Saturday, December 16, 2006

A Conversation at The Underground

Take a look at what goes on at our Undergound discussion forum.

This is seriously amazing stuff, day in and day out. Ego free and highly informative.

If you are looking to learn and become part of an amazing community, then you will love being part of The Underground Family....

Posted Dec 15,2006 7:06 PM

Jason C Brown

I'm amazed!

My respect for wrestlers keeps growing by the day. I'm much more of a BJJ/Judo guy but this is just a sweet art form.So let's talk training. How would you prepare your guy those demands?

Jason C. Brown

Posted Dec 15,2006 7:59 PM


Jason,Is it really that different from any other athlete? You would obviously need to perform a

needs analysis upon the sport and the specific athelte. This is still a speed and power sport and should be treated as such. I think this sport is somewhat unique in that you may optimize some isometric training a little more since this is a large part of the sport.

However, when you look at the movement patterns they are largely made up of strong and powerful hips, a trunk that can rotate not only quickly, but under high loads, and strength in extreme ranges of motion.
Depending upon the time of the meet I would focus on more strength concentrated work earlier on as they will be getting a lot of conditioning during their technique work and practice sessions.

I might add a 1-2 days of sprint work starting with more 400 meter work to develop leg power and work capacity. I think such training is highly underutilized and applicable to most speed and power sports.

Then would use many of the same compound lifts that would be in most sports training. Depending also on equipment availability, time, etc. you could use various implements and strategies, but I don't think you need much more than a barbell and a tough attitude. Wrestlers are amazing athletes, but have similarities to a lot of other sports.

What do you think?

Josh Henkin

Posted Dec 16,2006 7:14 AM

Mike Stehle

The strength training should be kept basic due to the high volume, hard core conditioning and skill work year round. These athletes are already strong and powerful from liftng and throwing other human beings.

I've rolled with some of the strongest humans that I've ever seen who have never touched a weight in their lives. My BJJ/ Judo insrtuctor, a Brazilian National Judo Champ, used to toss me around like a rag doll, while laughing at me.

He once tapped me out by squeezing me until it felt like my head was going to pop off. He did no supplemental training, just lifting, pulling, squeezing and throwing other humans. Like in bjj/judo and other combat sports, supplemental training should be simple and conservative to prevent overuse.

Inseason strength training should be kept to a minumum (2x/week) including prehab/rehab. Like Josh said, work the low volume compound lifts DL, some type of press, pullup variations, and cycle in some kb swings and other complexes in the offseason/preseason. Wrestlers are a unique animal, we also have to factor in nutrition issues.

Some of these guys are not getting enough calories in, so any strength training they attempt is useless. I see this everyday in my high school.


Posted Dec 16,2006 6:29 PM



your statement of your judo instructor goes back to the guy who kicked my a** in high school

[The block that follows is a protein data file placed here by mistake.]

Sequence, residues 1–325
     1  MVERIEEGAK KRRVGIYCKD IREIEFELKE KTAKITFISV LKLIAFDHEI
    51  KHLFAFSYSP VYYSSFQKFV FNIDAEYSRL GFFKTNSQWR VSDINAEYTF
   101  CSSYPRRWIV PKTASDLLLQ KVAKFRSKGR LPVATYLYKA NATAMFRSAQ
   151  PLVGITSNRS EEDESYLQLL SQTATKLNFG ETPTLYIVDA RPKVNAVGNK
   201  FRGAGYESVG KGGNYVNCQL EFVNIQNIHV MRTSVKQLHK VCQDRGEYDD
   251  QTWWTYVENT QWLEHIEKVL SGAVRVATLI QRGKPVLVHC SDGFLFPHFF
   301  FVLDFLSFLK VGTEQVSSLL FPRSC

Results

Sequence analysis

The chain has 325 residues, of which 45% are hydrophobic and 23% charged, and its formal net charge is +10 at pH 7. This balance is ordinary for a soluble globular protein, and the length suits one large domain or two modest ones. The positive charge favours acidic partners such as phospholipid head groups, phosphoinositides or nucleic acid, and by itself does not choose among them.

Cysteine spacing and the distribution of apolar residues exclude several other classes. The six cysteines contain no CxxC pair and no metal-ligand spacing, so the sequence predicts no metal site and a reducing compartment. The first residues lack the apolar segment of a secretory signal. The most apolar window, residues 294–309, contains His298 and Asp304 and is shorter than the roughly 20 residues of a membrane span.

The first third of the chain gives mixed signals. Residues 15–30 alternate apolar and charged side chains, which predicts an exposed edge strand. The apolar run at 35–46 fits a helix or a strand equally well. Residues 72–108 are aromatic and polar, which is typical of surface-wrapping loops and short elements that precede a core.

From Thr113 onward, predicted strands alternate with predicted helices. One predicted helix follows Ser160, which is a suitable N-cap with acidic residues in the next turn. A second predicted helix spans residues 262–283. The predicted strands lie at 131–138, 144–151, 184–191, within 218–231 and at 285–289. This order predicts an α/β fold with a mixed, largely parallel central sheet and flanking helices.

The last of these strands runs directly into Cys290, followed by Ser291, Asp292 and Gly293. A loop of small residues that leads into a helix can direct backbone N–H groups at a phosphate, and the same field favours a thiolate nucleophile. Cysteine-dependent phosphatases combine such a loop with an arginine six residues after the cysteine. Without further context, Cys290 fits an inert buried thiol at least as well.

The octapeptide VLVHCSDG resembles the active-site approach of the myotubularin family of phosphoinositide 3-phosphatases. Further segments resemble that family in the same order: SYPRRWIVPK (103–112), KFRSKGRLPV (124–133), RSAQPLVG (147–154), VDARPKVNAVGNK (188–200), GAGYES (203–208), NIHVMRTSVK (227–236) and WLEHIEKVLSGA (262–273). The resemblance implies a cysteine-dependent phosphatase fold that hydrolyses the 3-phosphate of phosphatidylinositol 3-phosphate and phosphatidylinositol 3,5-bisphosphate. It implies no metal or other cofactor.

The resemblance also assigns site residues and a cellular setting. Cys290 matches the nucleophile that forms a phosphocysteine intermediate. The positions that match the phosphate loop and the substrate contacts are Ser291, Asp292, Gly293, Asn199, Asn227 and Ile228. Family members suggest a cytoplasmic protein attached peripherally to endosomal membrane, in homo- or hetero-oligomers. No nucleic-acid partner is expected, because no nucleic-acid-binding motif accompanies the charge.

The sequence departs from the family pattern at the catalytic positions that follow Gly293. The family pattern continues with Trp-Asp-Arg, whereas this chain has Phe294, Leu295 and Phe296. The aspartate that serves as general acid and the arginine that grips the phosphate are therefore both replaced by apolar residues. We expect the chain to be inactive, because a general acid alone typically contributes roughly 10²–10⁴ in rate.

he did NO extra work except some calis, still, this is not to dismiss what we do as performance coachesi have a senior, who never made out of districts as a sophomore, junior year he went 1 - 2 in states, this year he is gonna be ranked anywhere from 1 - 3 in the state!

we did it all w/basic workouts and listening to what he needed, attacking weak areas nothing fancy

he beat a kid 11 - 1 in the fall who took 2nd in the state 2 yrs ago

the 1 point was because he cut him lose :)


Posted Dec 16,2006 6:49 PM

Jason C Brown

Awesome discussion guys.

Josh,I do think they're different from other athletes for several reasons:

1. The amount of trunk rotation coupled with extension, under load.You mentioned that already but the only other sport that has that amount of both rotation-extension is Judo.

2. Round back lifting from very low positions.

3. Isometrics, which you mentioned.

4. A very high need for cervical prehab/strength etc...

5. Weight classes.

I agree with everyone, very low volume concentrating on the basics.

I suprised you picked 400m Josh. I assumed you would have picked DB complexes.

Jason C. Brown

Posted Dec 16,2006 8:06 PM


maybe we can say they are similar for other sports, but, regarding training, all of these guys can do very basic lifting allow their wrestling training itself to take care of the rotational training, isometrics, etc.

case in point: I trained 2 x at an intensive camp under a 2 x gold medalist.

He took us into the wt room every other evening and I watched him train, it was horrible, at best.cable cross overs where he was getting thrown around with the weights, totally out of control, rope push downs where he was moving his body all over to press the ropes down

it was insanely horrible...but, I watched him drill...if you saw this drilling, it was freakishly amazing!

He had 2 partners who alternated because he was so intense!he drilled so aggressively and intensely that if you didn't know they were drilling, you would think it was a match!his drilling was done for 20 minutes at an extreme pace!so, despite his horrible strength work, he won the olympics twice and countless world titles.

And, this man was NOT an exceptional athlete - I am tlaking barely any muscle on his frame - he was extremely driven, aggressive and an angry man when he wrestled. It was freaky.

john smith is the man, he is now coach of Oklahoma who has been winning ncaa national wrestling titles regularly since his coaching



Dedicated to your success,

Zach Even - Esh

PS - If you would like to become part of The Underground Strength Community then visit us HERE.

Thanks from someone, but I thank YOU

I started creating my business (in my mind at least) when I was laying in the hospital bed after my ACL repair.